Chapter 4: Simple Simon Says
I nearly forgot but unfortunately, Alon reminded me that the next day was my birthday. I had never liked birthdays.
And besides – Why celebrate aging and approaching death?
“Shall we celebrate after training?” Alon asked.
“Sure, what did you have in mind?”
“Go for dinner, then drive to Roppongi and hit a few clubs and bars.”
When Taka concluded his lesson at nine o’clock the following evening, we rushed out and drove to Alon’s house. We took turns to shower, got dressed and Alon splashed us with some aftershave that his sister had sent him from Israel.
“Ready?” I asked when I was shiny clean and smelt like the sex gland of a raging bull.
“Yes,” he looked at his wristwatch. “Let’s go.”
We got into his car and he dropped the first surprise of the evening.
“First we need to go and help my worker close her stall,” he said.
“You’re kidding me, right? It’s my birthday and I’m starving.”
He looked shocked.
“Have some compassion,” he scorned me. “She’s been standing there all day. But don’t worry, I promise it’ll be quick.”
I complained throughout the drive, giving him a hard time, making sure he remembered it was my special day.
Half an hour later I found myself dismantling the stall and carrying boxes of jewelry to Alon’s car. His worker, Silvi, was a short, bubbly girl in her early twenties, who wore a long puffy coat that reached below her knees and made her look quite chubby. Silvi seemed quite excited to speak to us and she spoke constantly, as if driven by the urge to exercise her mouth after the many hours she had just spent on the street.
She did help with the carrying but mostly she walked beside me while I was working. With my arms piled high with boxes I was powerless against the output of her mouth. I smiled at her and tried to keep myself calm and sweat free, occasionally glancing at Alon, hoping he would come and share the burden. But Alon, of course, was too busy to help. He was on his mobile phone, his expression so intense you wouldn’t want to disturb him.
We finished packing the car and I opened the passenger door and climbed in.
“Where are your manners?” Alon frowned. “We have a lady here.”
I let Silvi take the front seat and I sat in the back of the small van. We drove off, on our way to Silvi’s guesthouse. Her chatty mood had a serious boost now that we were away from the distractions of the outside world. Helpless I sat, squeezed between boxes, plastic bags and wooden boards, my ears taking a fifteen minute pounding as she rambled on about her experiences in Japan. No salvation came from Alon who continued with his phone conversation throughout the drive. Only when we dropped Silvi off did he place his call on hold and exchange a few words with her. A moment later she was gone and we were back on the road.
“Party?” I tried to interject but he completely ignored me. I kept persisting, my voice going louder and louder until he finally took the phone from his ear and gave me an irate look.
“Are we going to party now?” I said sheepishly. “Maybe something to eat?”
“Party? Food?” he retorted in bemusement, as if my suggestion was the most outrageous thing he had ever heard in his life. “No, no, not yet. First we have to pick up the Rabbi.”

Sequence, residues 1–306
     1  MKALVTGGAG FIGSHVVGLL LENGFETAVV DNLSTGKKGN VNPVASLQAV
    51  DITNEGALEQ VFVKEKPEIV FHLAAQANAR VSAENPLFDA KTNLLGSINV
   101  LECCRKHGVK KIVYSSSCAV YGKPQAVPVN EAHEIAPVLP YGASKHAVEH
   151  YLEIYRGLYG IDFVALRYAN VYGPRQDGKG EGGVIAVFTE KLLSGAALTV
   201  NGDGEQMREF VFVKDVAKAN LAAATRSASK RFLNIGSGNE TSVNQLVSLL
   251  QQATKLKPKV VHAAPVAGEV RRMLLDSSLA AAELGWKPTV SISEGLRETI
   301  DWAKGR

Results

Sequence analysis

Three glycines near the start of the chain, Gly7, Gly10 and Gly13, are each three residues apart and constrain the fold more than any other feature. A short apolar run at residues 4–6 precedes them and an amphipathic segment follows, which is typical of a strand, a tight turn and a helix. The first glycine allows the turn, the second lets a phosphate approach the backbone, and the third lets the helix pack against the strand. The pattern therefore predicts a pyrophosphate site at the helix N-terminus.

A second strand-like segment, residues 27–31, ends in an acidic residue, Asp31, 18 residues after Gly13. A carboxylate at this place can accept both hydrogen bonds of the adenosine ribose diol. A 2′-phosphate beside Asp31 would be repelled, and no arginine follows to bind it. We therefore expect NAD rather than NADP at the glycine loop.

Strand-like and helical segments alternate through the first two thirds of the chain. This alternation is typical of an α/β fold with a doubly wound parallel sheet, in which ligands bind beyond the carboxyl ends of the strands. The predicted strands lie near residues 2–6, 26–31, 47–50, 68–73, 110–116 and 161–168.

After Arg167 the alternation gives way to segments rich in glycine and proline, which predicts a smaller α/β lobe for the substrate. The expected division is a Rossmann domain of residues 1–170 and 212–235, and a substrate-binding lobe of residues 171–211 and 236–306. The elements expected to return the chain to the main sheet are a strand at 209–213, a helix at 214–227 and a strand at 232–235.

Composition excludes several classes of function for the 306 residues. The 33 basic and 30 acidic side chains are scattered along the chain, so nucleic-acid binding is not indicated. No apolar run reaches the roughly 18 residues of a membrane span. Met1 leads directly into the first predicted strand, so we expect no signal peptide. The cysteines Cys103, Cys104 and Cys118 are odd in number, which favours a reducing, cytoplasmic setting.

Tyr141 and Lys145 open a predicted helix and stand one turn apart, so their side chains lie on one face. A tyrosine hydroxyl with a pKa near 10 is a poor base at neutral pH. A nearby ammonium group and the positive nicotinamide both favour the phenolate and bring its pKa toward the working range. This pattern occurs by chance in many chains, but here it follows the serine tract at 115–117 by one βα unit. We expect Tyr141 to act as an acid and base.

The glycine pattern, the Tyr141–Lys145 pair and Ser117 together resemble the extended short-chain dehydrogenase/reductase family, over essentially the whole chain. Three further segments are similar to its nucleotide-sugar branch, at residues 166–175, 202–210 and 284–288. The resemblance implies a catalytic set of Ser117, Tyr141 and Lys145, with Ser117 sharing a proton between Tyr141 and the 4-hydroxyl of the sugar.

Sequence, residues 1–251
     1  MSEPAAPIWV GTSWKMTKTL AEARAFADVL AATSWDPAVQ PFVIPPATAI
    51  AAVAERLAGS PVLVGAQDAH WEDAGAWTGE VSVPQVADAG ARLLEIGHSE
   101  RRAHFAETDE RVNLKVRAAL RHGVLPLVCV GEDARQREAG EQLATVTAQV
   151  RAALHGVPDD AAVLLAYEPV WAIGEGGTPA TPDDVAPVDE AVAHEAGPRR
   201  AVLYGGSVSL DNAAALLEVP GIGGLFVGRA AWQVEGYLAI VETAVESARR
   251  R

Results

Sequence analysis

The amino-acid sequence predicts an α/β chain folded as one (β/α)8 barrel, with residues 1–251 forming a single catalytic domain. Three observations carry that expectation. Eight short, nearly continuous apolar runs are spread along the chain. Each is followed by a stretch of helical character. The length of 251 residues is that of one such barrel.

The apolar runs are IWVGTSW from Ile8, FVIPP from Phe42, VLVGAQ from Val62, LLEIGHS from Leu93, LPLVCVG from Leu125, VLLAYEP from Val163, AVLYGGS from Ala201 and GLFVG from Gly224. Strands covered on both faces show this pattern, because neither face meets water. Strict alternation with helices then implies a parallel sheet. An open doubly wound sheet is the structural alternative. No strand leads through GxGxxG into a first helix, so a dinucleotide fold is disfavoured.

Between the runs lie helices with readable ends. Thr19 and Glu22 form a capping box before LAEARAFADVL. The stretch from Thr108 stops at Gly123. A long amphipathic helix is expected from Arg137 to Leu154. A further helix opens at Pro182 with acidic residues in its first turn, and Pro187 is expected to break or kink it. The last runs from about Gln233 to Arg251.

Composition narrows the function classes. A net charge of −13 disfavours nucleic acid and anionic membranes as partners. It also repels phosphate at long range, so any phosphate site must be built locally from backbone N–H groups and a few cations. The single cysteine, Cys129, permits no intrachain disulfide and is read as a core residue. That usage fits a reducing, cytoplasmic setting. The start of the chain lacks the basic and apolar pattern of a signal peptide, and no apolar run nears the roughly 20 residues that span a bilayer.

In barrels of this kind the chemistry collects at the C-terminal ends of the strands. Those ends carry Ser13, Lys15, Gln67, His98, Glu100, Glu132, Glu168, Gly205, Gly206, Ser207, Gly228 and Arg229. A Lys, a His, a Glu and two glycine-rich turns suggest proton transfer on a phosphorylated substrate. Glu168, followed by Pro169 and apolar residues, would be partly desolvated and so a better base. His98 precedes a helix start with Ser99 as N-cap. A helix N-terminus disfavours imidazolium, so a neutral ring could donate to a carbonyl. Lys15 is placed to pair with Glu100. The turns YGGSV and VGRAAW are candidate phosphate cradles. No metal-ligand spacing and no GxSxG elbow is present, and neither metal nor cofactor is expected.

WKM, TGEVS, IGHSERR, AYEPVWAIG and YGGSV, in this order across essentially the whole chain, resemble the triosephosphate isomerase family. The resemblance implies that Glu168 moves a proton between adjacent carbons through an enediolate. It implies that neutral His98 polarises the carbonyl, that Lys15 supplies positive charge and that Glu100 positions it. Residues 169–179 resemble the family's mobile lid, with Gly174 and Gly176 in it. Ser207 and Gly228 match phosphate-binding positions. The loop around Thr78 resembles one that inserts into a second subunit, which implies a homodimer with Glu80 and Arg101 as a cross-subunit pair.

“Why the hell do we need a Rabbi?” I narrowed my eyes at him.
“To lead the prayer.”
“What the fuck? You’ve got to be kidding me. You know I want nothing to do with religion on any day of the year, let alone on my birthday?”
“But you’re Jewish.”
“You’re Jewish, I’m not.”
“But both of your parents are Jewish.”
“That’s not really my fault, is it? Now don’t get me wrong, I do appreciate the gesture, but I don’t want a birthday prayer, birthday blessing or any other religious shit.”
“That’s just fine,” Alon assured me. “The prayer has nothing to do with you.”
“I really don’t get you.”
“Get with it, Gadi. I thought you must have overheard some of the conversations I’ve been having for the past hour.”
“How could I have listened to any of it with Silvi’s constantly blabbering in my ears?”
Alon smiled and explained the situation. Apparently, there was an Israeli in Tokyo whose father had just passed away. A man Alon had never met, a friend of his friend Simon who wanted to organize a communal prayer at his home. To make matters worse, he wanted to synchronize the prayer with his father’s actual funeral, which was taking place at one thirty in the morning Japan time.
“He’s a very devoted son,” Alon concluded. “Simon said that he and his father were very close.”
“If he’s such a devoted son why didn’t he go back to Israel for the funeral?”
“Oh, he really wanted to,” Alon said. “However, he’s overstayed his visa by nearly three months and he’s afraid he might get deported.”
“A small price to pay for peace of mind.”
“He really loves Japan.”
“Oh he does, does he?” I snarled at him.
“That’s what Simon said.”
“Simon said and then you, in your grace, offered to bring your Rabbi to that guy’s house in the middle of the night. On my birthday.”
“He’s not my Rabbi,” Alon corrected me, a little smile brightening his face. “He’s my massage therapy instructor.”
“The one who massages women’s breasts?”
“The one who also massages women’s breasts,” Alon calmly corrected me. “There is nothing sexual about it. It’s all in the name of medicine.”